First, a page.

The plans are stamped and the permit app. will be filed Monday am. *Exhale.* Our timber framer, who coaches us along politely and gently, tells me that after the permit is received, things will fly into action. I'm looking forward to that... mostly. The challenge for us is balancing our day jobs, of course. My colleagues have witnessed *way* more of this process than they ever cared to. Heated conversations with potential builders, coaxing phone calls to sub-trades (begging for quotes), and head-in-hands groans. Who needs a lunch break when you can spend your time practicing the delicate art of wrestling with the trades? And, for Dave, his work day starts at 8am and sometimes doesn't end until midnight. This could be quite rough for him.

Contractors/vendors are key to the success of the communications & marketing department I work in, so we spend a lot of time on fostering and managing relationships carefully. We even go so far as baking cookies at Christmas. We give a little and get a lot in return. I would suggest the same philosophy is important in home construction. Give a little breathing room on a few deliverables, remember to show your gratitude (food works for the trades too) and, in return, build a great relationship with a tradesperson who will produce a quality product for you. Don't forget to openly admire work that deserves admiration and spread the word to help build their reputation.

Wednesday, July 12, 2006

Cross-border shopping deals

A weekend adventure in Maine for a wedding enabled us to do a little cross-border shopping for house supplies. Mardens offers a number of deals i.e. gigantic, heavy duty tarps go for 1/10th of the price. Amazingly, we may return to Home Depot in Bangor, though it's not normally my destination of choice. To give you an example, selections of ceiling fans were very different and much cheaper. We purchased our bathroom faucets there and got the best deal yet. (Check out the sink faucet pic). These suggestions are only good when the Canadian dollar is high, of course, as it was last weekend.

Now back to reality. We'll be tying up our mortgage papers, filing for the building permit, and working on the lot this week. This part is a bit nerve wracking. As soon as we get the permit, we launch into excavation, temporary electrical service installation, well-drilling, setting up our living quarters, assembling our storage shed, a dog kennel (to keep the puppies safe), and putting in the slab with wiring, plumbing, in-floor radiant etc. all roughed in. Full speed ahead. Hopefully.

Thursday, July 06, 2006

Almost breaking ground

At last, we can share some images of our plans. You'll notice they don't include all the engineering details. Those are hopefully underway (or better, completed) with an engineer in preparation for a stamp and building permit application. Click on the images if you'd like to take a closer look at them. I'm having some trouble with blogger, so I think the only option is to post them separately.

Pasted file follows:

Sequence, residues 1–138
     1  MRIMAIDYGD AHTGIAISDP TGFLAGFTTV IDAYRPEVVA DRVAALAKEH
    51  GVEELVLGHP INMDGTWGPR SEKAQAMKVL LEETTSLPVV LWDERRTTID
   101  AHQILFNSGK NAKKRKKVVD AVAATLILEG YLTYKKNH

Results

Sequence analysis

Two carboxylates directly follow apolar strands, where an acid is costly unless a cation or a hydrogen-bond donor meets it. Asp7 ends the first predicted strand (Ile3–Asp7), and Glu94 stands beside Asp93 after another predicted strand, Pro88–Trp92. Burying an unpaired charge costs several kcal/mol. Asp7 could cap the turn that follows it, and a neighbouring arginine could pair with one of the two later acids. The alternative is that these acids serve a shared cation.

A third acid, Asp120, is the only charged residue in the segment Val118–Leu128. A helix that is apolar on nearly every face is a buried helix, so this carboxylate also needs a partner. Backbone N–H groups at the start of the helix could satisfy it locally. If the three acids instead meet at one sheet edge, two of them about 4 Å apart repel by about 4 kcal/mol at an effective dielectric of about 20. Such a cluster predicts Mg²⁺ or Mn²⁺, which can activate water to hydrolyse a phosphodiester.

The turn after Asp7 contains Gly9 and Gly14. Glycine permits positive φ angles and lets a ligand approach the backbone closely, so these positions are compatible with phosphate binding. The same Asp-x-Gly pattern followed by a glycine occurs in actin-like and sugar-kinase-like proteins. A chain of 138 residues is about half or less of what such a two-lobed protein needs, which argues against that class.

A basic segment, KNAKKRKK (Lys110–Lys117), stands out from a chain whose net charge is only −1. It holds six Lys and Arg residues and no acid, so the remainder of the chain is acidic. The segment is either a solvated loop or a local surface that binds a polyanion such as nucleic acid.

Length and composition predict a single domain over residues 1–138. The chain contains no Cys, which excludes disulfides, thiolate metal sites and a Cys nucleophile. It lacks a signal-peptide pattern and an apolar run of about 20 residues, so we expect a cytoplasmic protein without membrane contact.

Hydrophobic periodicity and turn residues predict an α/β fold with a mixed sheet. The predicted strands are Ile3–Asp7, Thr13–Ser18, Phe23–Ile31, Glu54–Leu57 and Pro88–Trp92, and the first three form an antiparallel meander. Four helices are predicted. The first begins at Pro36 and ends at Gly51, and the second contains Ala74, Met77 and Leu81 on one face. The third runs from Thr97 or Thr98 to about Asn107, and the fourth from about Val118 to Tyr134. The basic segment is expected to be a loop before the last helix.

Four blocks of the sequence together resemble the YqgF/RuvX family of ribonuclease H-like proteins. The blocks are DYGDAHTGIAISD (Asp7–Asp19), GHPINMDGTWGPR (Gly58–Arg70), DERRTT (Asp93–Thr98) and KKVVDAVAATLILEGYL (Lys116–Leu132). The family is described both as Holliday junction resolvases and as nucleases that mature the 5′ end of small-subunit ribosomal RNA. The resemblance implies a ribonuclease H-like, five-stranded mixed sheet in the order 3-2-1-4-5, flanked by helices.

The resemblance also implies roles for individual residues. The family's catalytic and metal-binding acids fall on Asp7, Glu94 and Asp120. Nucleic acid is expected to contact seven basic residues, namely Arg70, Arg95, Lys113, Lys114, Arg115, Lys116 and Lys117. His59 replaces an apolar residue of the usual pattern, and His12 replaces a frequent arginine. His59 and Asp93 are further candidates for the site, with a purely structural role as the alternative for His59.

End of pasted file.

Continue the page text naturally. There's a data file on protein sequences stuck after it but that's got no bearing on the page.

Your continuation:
We began with a one-storey mock cape cod style home with a basement in January. Dave was laughing the other day, because a year ago, we were sitting around a camp fire at our home on Cassidy Lake, sketching out possible layouts, making lists of things we wanted and dreaming big. It seems like a decade ago. We didn't expect this part would take so long, but it's worth it. (Just keep telling yourself that.) All joking aside, we're incredibly happy with the design.

Now, we have a one & 2/3 storey on a slab. During this past year, we've learned a lot about different building materials, methods and costs. When you're building a timber frame, it is very practical to include a loft. The extra space costs about $10 per square foot. A lot cheaper than enlargening house dimensions. The tongue & groove ceiling for the main floor is also the floor of the loft. We scrapped gable dormers for a shed dormer for better usage of space. We've seen some incredibly unattractive shed dormers, so I was concerned, but the idea has really grown on me. The loft space will have an amazing airy feeling with the large windows on each end. We'll keep it open for now, and use it for a movie-watching lounge and office space. In future, we'll build a bath and bedroom. The edges where the roofline meets the loft floor will be made into storage spaces.

The principles of the living space layout have remained the same throughout the year. Concepts like keeping the bedrooms away from the daytime spaces, having an open living/dining room for entertaining and making it family-friendly overall are important to us. On the technical side, centralizing plumbing to run more efficient systems and making sure we maintained good insulative values while still having enough glazing (windows) were a priority. I think we've done it!

Loft Plan

The loft is two-thirds of our house size, leaving only the living room and dining room open to the rafters. Click on the image if you want to see the details on a larger scale.

Main Floor Plan